Economic evaluation alongside a randomised controlled crossover trial of modified group cognitive behavioural therapy for anxiety compared to treatment-as-usual in adults with Asperger SyndromeReport as inadecuate




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Reference: Doble, B, Langdon, PE, Shepstone, L et al., Economic evaluation alongside a randomised controlled crossover trial of modified group cognitive behavioural therapy for anxiety compared to treatment-as-usual in adults with Asperger Syndrome. MDM Policy and Practice.Citable link to this page:

 

Economic evaluation alongside a randomised controlled crossover trial of modified group cognitive behavioural therapy for anxiety compared to treatment-as-usual in adults with Asperger Syndrome

Abstract: Background: There is a growing interest in using group cognitive behavioural therapy (CBT) with people who have Asperger Syndrome (AS) and comorbid mental health problems. This study aims to assess the cost-effectiveness of modified group CBT for adults with AS experiencing co-occurring anxiety compared to treatment-as-usual. Methods: Economic evaluation alongside a pilot, multi-centre, single-blind, randomised controlled crossover trial. Costs from the UK public sector (National Health Service and Social Services) and societal perspectives, quality-adjusted life-years (QALYs), incremental net (monetary) benefit (INB), expected value of perfect information, expected value of sample information, expected net gain of sampling, and efficient sample size of a future trial are reported.Results: Over 48 weeks, from the societal perspective, CBT results in additional costs of £6647, with only a 0.015 incremental gain in QALYs, leading to a negative INB estimate of £6206 and a 23% probability of cost-effectiveness at a threshold of £30,000/QALY. Results from sensitivity analyses support the unlikely cost-effectiveness of CBT, but indicate the potential for cost-effectiveness over longer time horizons. Eliminating decision uncertainty is valued at £277 million and the efficient sample size for a future trial is estimated at 1,200 participants per arm.Limitations: Relatively small sample size and prevalence of missing data present challenges to the interpretation of the results.Conclusions: Current evidence from this small pilot study suggests that on average, modified group CBT is not cost-effective. However, there is much decision uncertainty so such a conclusion could be wrong. A large, full scale trial to reduce uncertainty would be an efficient investment for the UK health economy.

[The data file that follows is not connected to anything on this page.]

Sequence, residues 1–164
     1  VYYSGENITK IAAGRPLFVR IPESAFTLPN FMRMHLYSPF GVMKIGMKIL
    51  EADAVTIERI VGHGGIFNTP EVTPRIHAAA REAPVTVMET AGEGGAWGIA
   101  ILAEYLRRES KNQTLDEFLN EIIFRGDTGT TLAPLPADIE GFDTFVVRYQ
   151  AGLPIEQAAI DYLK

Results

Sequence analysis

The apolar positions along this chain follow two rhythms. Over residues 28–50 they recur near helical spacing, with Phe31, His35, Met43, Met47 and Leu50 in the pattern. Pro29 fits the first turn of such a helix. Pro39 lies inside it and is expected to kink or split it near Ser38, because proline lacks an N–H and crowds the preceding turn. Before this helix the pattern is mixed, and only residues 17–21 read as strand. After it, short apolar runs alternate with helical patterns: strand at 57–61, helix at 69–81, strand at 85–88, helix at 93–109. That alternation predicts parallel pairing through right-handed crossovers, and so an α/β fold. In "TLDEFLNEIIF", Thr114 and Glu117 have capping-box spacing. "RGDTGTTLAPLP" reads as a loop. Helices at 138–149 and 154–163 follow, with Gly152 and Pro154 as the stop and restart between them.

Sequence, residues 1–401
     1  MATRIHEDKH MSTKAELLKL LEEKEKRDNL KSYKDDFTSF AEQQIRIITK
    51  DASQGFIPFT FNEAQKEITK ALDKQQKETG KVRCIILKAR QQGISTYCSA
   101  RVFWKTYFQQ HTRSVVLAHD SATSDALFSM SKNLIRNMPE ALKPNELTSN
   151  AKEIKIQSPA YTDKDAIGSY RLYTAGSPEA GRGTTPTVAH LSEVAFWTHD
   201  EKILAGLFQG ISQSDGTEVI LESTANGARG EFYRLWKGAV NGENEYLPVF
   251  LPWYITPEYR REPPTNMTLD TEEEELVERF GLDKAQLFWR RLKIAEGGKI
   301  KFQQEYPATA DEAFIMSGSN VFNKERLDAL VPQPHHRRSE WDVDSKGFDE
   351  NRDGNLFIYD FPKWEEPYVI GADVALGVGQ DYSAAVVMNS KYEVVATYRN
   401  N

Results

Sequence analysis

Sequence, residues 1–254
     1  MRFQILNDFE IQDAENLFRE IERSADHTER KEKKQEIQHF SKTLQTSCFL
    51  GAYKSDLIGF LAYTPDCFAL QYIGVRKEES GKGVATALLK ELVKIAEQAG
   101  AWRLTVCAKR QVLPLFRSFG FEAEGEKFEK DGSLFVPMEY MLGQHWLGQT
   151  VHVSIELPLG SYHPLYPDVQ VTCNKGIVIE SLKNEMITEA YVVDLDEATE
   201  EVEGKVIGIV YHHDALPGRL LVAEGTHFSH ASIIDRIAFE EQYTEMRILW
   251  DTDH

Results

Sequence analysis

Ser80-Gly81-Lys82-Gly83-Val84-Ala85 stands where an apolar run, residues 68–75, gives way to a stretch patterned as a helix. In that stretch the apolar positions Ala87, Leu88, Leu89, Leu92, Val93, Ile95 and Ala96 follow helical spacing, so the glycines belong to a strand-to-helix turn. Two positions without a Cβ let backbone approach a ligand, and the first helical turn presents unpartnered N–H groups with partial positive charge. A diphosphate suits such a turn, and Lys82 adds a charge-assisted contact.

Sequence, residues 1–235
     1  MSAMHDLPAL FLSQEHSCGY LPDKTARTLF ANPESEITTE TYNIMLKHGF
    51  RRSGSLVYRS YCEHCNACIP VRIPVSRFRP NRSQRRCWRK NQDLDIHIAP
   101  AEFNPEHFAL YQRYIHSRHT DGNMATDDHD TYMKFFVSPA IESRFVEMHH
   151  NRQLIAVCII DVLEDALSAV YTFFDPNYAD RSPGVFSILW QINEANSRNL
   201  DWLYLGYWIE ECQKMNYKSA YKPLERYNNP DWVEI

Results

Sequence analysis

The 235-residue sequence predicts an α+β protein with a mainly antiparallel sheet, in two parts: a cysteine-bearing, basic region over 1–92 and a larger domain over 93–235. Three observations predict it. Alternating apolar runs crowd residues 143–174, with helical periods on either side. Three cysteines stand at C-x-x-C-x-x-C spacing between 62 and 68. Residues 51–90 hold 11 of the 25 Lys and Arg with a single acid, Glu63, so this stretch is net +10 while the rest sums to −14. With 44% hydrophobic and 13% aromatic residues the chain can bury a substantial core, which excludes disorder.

Publication status:AcceptedPeer Review status:Peer reviewedVersion:Accepted ManuscriptDate of acceptance:01 August 2017 Funder: National Institute for Health Research   Notes:This paper has been accepted for publication in MDM Policy and Practice.

Bibliographic Details

Publisher: SAGE

Publisher Website: http://journals.sagepub.com/

Journal: MDM Policy and Practicesee more from them

Publication Website: http://journals.sagepub.com/home/mppIdentifiers

Uuid: uuid:11818535-5849-4533-b1a9-56c64d272b51

Urn: uri:11818535-5849-4533-b1a9-56c64d272b51

Pubs-id: pubs:710151

Issn: 2381-4683

Eissn: 2381-4683 Item Description

Type: journal-article;

Version: Accepted ManuscriptKeywords: autism spectrum disorder cost-effectiveness analysis psychiatric disorders value of information

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Author: Doble, B - Oxford, MSD, Nuffield Dept of Population Health, POPULATION HEALTH - - - Langdon, PE - - - Shepstone, L - - - Murphy,

Source: https://ora.ox.ac.uk/objects/uuid:11818535-5849-4533-b1a9-56c64d272b51



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